Thursday, May 01, 2008

Austria censors gay Last Supper after U.S. pressure

This video of the show was made by Gloria.tv in an effort to condemn it
A homoerotic Last Supper was removed recently from a church-sponsored art exhibit in Austria after protests sparked by U.S. fundamentalists. According to news reports, the museum director blames the artwork’s removal on “massive verbal hostility” from U.S. religious blogs, which then spread to Europe. Fundamentalist blogs denounced the art as “blasphemous,” “trash,” “sacrilege” and “an abomination.” Vienna’s Roman Catholic Cathedral and Diocesan Museum pulled the main picture from a retrospective exhibit by Alfred Hrdlicka, a celebrated Austrian artist who turned 80 this year. Hrdlicka himself described the etching as a “homosexual orgy.” After a week on display, it was taken down at the request of Cardinal Christoph Schoenborn. “The protests mainly came from Christian fundamentalist circles in the United States and eventually spilled over into Germany,” museum director Bernhard Boehler told Reuters. “So it came from people who neither had the knowledge of the seriousness of Alfred Hrdlicka’s work nor had seen the exhibition.” Although some visitors did complain about the art, Boehler said that the decision to remove the art was largely due to the anger expressed on blogs and emails from abroad. Hostility toward gay Jesus art is so common that I wrote a book about it: Art That Dares: Gay Jesus, Woman Christ, and More. But the Hrdlicka case is the first I’ve seen where the U.S. religious right managed to limit freedom of speech abroad. It upsets me to see America exporting religious intolerance. I hope to spread freedom around the world through the Jesus in Love blog, newsletter and website. The rest of the exhibit, titled “Religion, Flesh and Power,” remains on display until May 10 with two other controversial images: A sculpture of Jesus on the cross without a loincloth, and a crucifixion in which a soldier holds Jesus’ genitals while beating him. Hrdlicka is an atheist and anti-war activist and who has personally witnessed the effects of Nazism and violence. Biblical imagery, especially the suffering of Christ, is a central theme in his art. The website Gloria.tv, whose motto is “the more Catholic the better, made a video (above) of the exhibit in an effort to condemn it. If you can't see it above, click here to view it. __________ Kittredge Cherry is a lesbian Christian author, art historian and minister whose books include Art That Dares: Gay Jesus, Woman Christ, and More.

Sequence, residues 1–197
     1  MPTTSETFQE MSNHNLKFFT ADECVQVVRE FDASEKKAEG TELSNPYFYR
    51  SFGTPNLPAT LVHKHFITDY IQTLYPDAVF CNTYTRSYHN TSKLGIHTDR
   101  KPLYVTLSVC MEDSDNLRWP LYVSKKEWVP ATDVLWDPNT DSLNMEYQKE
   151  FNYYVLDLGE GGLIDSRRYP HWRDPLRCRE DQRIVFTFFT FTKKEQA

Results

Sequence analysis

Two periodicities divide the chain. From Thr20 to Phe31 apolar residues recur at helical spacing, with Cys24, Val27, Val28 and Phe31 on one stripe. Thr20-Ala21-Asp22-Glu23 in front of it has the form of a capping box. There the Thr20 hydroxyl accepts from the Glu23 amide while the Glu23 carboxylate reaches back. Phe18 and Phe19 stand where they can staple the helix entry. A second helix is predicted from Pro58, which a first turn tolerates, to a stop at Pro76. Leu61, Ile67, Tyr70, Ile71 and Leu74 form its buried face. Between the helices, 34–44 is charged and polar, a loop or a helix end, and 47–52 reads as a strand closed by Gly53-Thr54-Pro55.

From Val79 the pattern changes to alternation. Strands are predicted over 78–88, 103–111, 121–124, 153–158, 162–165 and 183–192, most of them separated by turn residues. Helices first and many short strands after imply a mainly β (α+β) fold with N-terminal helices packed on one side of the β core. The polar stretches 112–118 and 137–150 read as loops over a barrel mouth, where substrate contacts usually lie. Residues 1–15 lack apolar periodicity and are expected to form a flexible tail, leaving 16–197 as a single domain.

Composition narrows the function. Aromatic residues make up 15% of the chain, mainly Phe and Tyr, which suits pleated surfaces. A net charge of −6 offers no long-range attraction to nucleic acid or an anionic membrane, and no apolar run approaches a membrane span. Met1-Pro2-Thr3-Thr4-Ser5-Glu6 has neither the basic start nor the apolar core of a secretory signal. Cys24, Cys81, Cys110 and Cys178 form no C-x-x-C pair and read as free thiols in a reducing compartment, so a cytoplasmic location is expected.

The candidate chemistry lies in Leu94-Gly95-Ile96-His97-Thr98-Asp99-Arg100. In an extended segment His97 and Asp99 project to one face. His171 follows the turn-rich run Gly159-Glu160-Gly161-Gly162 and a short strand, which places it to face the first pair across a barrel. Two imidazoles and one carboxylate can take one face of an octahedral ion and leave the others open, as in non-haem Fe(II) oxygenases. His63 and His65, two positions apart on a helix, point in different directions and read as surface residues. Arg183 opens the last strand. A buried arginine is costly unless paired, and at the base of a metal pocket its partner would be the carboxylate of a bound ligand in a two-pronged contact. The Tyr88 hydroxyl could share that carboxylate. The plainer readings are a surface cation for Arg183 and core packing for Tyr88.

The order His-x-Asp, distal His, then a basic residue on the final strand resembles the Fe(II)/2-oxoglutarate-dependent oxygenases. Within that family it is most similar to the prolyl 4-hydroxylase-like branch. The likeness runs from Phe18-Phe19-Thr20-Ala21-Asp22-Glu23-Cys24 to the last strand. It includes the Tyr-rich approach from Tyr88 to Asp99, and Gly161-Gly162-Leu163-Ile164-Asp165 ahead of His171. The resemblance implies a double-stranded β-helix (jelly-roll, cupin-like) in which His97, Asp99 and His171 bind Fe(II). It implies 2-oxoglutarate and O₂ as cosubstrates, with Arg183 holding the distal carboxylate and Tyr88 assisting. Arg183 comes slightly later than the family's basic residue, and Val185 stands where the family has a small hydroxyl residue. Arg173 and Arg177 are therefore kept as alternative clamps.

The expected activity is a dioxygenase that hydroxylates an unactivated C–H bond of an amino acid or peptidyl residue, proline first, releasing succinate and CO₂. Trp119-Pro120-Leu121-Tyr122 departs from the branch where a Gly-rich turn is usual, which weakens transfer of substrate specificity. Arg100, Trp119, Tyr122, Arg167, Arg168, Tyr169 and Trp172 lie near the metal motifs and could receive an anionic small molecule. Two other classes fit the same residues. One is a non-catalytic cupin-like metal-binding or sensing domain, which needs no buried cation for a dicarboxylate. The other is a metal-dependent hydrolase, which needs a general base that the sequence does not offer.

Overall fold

3 comments:

Riverwolf said...

Seems they're more interested in pointing out the "naughty" parts than in trying to understand what the artist was attempting to convey. As usual...

alex said...

I am neither American nor a fundamentalist, but I am gay and Catholic. Still I was shocked that the last supper is 'artfully' depicted as an orgy (gay or otherwise does not matter to me. Incidentally Luis Bunuel had depicted this already in his film Viridiana 0f 1960 - so artist is not original at all) and was sponsored by the Catholic Church. Yes I consider this trashy just like a dead split sheep in ethanol is considered art. Shock at the expense of others...

Rollan McCleary said...

Though the US and its fundamentalists are not the world's most tolerant people in this special case I wouldn't wish to be complimenting Austria as opposed to the US on any tolerance. Just how much Austria can turn a blind eye to almost anything has currently become a subject of national debate there following exposure of the horrific dungeon case.

The simple fact is the artist concerned is an avowed atheist and this particular piece of art marks more than anything else his hostility to religion. Depicting the Last Supper as an orgy is completely unnecessary, even absurd. However you interpret that event it wasn't and couldn't historically be that.

I see no reason to defend this kind of merely abusive depiction. We don't need Islamic style riots over depictions of the prophet but there is a point at which believers have some right to defend their beliefs from a sort of libel upon them and an artist's self indulgent will to shock. It is really astonishing and no compliment to the Austrian church authorities that they didn't take appropriate action to get this kind of art out of church precincts. This is artistic freedom gone crazy and it has nothing spiritual to convey.